(NOTE: It’s been brought to my attention that Red recommend that after connecting the power, but before connecting any SDI cables you should turn on any monitors etc. If the monitor comes on OK, this is evidence that the power is correctly connected. There is certainly some merit to this. However this only indicates that there is some power to the monitor, it does not ensure that the ground connection is 100% OK or that the ground voltages at the camera and monitor are the same. By all means power the monitor up to check it has power, then I still recommend that you turn it off again before connecting the SDI).
 
The reason Arri talk about shielded power cables is because most shielded power cables use connectors such as Lemo or Hirose where the body of the connector is grounded to the cable shield. This helps ensure that when plugging the power cable in it is the ground connection that is made first and the power connection after. Then when unplugging the power breaks first and ground after. When using properly constructed shielded power cables with Lemo or Hirose connectors it is much less likely that these issues will occur (but not impossible).

Is this an SD fault? No, not really. The fault lies in the choice of power cables that allow the power to make before the ground or the ground to break before the power breaks.  Or the fault is with power supplies that have poor or no ground connection. Additionally you can put it down to user error. I know I’m guilty of rushing to change a battery and pulling a D-Tap connector without first disconnecting the SDI on many occasions, but so far I’ve mostly gotten away with it (I have blown an SDI on one of my Convergent Design Odysseys).

If you are working with an assistant or as part of a larger crew do make sure that everyone on set knows not to plug or unplug power cables or SDI cables without checking that it’s OK to do so. How many of us have set up a camera, powered it up, got a picture in the viewfinder and then plugged an SDI cable between the camera and a monitor that doesn’t have a power connection yet or already on and plugged in to some other power supply? Don’t do it! Plug and unplug in the right order – ALL power cables and power supplies first, check power is going to the camera, check power is going to the monitor, then turn it all off first, finally plug in the SDI.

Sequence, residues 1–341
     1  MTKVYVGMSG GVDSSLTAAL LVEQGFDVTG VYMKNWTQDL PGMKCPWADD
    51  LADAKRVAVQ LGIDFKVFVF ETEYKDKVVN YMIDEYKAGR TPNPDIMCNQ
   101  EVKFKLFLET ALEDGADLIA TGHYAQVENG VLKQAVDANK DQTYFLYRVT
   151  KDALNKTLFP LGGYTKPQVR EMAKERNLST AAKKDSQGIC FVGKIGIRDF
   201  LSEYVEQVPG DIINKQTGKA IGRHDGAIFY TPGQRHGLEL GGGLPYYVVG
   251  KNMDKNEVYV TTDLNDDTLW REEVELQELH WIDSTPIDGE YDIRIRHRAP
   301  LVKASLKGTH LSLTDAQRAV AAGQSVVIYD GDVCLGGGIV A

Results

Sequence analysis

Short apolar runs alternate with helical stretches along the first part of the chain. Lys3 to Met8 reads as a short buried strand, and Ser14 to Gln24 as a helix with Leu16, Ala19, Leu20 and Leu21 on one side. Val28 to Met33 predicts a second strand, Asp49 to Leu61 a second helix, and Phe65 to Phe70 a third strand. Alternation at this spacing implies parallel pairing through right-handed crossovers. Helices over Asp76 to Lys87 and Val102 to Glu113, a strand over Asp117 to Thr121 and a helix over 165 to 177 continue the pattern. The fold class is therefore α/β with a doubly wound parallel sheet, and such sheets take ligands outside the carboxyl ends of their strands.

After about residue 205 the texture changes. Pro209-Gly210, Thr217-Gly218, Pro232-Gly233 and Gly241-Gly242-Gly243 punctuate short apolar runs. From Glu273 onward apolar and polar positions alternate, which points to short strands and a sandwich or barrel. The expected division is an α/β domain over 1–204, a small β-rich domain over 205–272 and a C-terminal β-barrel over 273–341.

Sony Introduces Cinema Line and teases the PXW-FX6

FX6_side_44062_02-Mid Sony Introduces Cinema Line and teases the PXW-FX6
Sony are teasing the PXW-FX6.

So there is no IBC show this year and instead Sony are doing various online sessions with the latest news as well as guides to some of the most recent products and firmware. 

Today’s news is of new branding for Sony most recent digital cinema cameras, Vence and the PXW-FX9. These cameras are now members of what Sony are calling “Cinema Line” and in addition there are pictures of a smaller camera not surprisingly called the FX6 that looks like – well – what you would expect an FS5 replacement to look like. 

In the past Sony’s digital cinematography cameras were denoted by their “Cinealta” badges. But to some extent this became somewhat confused as all sorts of cameras like the Sony EX1 and Venice were classed as Cinealta. So what exactly is the new Cinema Line?

To quote from the Sony Press Release:

“At Sony, we celebrate and have the deepest respect for filmmakers, cinematographers, and storytellers. With Cinema Line, we’re tapping into our DNA from both the film industry and digital imaging prosumer market and combining it to develop new creative tools. This line of products will enable creators to push their creative boundaries further and capture the emotion in each and every frame.” says Claus Pfeifer, Head of Connected Content Acquisition, Media Solutions, Sony Professional Europe.

So, I’m not really sure! My guess is it’s a set of products, not just cameras  aimed at what we now tend to call Cinematography rather than broadcast television or industrial video applications. Of course there is a huge amount of cross-over between all these different genres these days, so I’m sure the Cinema Line products will be used all over the place.

My main hope from this is a more unified look from any cameras in the Cinema Line. My big hope is that the FX6 will have S-Cinetone and that when you shoot S-Log3 with the FX6 that it will look like the S-log3 from the FX9 or Venice. This will make grading and post production easier where you mix and match cameras.